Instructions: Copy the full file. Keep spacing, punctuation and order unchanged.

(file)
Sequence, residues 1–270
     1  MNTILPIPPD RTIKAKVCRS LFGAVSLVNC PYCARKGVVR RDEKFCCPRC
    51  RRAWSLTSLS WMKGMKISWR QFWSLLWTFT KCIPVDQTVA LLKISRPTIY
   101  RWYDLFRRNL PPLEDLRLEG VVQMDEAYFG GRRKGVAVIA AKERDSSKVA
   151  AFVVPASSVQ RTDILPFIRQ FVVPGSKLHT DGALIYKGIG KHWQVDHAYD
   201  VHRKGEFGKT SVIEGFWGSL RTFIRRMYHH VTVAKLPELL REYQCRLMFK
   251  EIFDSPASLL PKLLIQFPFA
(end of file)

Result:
Sequence, residues 1–270
     1  MNTILPIPPD RTIKAKVCRS LFGAVSLVNC PYCARKGVVR RDEKFCCPRC
    51  RRAWSLTSLS WMKGMKISWR QFWSLLWTFT KCIPVDQTVA LLKISRPTIY
   101  RWYDLFRRNL PPLEDLRLEG VVQMDEAYFG GRRKGVAVIA AKERDSSKVA
   151  AFVVPASSVQ RTDILPFIRQ FVVPGSKLHT DGALIYKGIG KHWQVDHAYD
   201  VHRKGEFGKT SVIEGFWGSL RTFIRRMYHH VTVAKLPELL REYQCRLMFK
   251  EIFDSPASLL PKLLIQFPFA